Greek Default Spells ‘Havoc’ for European Banks

A year after first bailout, banks still have $2 trillion linked to Portugal, Ireland, Spain and Italy on books.

A year after European officials bailed out Greece, investors say the region’s banks haven’t raised sufficient capital or cut loans enough to withstand the contagion that may follow a default.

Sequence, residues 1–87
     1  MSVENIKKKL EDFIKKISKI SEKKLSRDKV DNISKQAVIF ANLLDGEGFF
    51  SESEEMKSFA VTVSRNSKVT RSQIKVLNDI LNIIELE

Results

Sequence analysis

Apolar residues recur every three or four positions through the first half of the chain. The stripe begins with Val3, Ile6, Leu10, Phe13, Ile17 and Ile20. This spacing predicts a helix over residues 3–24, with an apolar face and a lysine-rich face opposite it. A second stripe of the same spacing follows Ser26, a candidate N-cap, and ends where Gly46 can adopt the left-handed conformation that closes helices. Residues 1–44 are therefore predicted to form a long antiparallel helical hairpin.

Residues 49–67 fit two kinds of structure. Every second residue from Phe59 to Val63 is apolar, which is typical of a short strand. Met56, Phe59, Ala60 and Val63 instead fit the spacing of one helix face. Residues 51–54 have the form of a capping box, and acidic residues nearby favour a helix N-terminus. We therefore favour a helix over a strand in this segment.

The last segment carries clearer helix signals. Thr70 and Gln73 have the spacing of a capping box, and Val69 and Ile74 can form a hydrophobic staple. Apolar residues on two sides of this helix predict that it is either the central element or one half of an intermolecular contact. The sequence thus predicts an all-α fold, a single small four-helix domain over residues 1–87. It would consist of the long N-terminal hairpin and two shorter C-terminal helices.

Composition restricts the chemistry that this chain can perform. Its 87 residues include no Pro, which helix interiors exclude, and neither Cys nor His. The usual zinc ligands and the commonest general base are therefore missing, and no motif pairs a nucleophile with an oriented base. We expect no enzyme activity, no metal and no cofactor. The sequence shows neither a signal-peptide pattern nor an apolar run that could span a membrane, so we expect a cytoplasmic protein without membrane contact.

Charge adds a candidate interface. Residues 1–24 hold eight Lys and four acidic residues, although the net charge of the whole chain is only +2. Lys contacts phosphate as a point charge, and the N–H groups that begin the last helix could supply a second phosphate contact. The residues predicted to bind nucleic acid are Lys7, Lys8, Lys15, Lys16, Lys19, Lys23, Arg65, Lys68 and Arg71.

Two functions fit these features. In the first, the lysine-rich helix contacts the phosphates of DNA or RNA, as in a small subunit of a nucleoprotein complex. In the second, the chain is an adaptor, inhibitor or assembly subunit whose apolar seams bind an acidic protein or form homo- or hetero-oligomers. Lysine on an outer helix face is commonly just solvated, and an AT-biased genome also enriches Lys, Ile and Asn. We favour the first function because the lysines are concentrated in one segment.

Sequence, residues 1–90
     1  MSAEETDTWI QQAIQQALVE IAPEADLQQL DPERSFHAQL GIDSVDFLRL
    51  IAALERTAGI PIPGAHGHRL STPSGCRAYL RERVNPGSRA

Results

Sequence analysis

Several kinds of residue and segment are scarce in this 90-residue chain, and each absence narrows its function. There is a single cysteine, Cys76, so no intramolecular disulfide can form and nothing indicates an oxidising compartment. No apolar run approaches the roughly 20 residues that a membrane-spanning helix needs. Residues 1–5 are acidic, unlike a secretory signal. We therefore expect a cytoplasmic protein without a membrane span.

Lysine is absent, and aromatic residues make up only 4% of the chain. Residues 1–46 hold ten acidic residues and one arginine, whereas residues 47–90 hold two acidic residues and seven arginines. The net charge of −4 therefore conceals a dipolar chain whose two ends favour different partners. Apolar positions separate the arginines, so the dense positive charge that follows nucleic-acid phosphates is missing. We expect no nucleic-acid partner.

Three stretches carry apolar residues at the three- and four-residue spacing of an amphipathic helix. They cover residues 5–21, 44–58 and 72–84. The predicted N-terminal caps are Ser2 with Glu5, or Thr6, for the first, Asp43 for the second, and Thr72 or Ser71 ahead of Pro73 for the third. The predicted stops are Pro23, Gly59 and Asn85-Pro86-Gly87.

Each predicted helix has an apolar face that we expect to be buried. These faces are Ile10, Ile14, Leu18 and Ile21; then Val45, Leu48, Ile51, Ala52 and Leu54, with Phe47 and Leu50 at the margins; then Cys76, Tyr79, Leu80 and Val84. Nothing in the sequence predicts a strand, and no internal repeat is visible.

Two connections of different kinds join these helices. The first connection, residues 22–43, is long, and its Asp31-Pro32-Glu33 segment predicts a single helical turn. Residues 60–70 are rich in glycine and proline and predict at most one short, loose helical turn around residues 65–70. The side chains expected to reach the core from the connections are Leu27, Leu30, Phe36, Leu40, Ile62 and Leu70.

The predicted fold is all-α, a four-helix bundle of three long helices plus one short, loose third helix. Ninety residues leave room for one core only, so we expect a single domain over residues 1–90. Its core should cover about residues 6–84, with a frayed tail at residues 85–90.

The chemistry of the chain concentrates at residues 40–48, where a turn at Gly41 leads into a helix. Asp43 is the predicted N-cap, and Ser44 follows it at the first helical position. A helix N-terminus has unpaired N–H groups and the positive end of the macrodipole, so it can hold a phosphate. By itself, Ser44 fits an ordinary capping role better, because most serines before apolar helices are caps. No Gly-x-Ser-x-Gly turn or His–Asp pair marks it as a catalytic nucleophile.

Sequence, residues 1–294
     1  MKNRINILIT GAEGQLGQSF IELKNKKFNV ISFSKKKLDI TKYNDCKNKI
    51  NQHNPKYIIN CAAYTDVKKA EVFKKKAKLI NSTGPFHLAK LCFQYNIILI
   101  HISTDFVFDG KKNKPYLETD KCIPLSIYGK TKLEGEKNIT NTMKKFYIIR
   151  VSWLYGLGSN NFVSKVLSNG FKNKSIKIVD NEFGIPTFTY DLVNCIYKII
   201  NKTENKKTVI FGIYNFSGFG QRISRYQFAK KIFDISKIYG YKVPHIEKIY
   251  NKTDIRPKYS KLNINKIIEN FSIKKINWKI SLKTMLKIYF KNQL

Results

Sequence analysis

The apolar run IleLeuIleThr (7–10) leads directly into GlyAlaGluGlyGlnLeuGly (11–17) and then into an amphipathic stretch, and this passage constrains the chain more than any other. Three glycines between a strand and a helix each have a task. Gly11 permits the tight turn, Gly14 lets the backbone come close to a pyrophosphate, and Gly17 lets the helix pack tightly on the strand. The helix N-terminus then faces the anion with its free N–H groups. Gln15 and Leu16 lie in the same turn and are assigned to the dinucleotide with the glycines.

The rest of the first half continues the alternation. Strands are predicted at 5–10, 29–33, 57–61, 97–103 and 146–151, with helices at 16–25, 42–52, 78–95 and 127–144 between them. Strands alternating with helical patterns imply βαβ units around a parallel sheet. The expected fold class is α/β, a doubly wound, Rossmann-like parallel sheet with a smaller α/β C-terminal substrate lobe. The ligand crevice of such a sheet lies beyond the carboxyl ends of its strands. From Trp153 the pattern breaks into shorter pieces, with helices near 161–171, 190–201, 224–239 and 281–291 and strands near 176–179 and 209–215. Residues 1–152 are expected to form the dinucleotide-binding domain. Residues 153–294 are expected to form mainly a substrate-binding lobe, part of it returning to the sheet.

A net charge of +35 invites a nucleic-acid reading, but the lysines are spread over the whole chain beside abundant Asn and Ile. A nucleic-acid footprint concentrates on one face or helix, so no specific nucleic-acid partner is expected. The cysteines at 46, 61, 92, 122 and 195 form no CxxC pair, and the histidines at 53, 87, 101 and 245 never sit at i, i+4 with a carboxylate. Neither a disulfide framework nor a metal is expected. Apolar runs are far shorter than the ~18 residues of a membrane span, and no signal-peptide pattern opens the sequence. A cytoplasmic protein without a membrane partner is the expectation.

While European lenders reduced their risk tied to Greece by 30 percent to $136.3 billion last year by not renewing loans, writing down the value of debt and shifting it off their books, they still have almost $2 trillion linked to Portugal, Ireland, Spain and Italy, figures from the Bank for International Settlements show, leaving them vulnerable if the crisis spreads.

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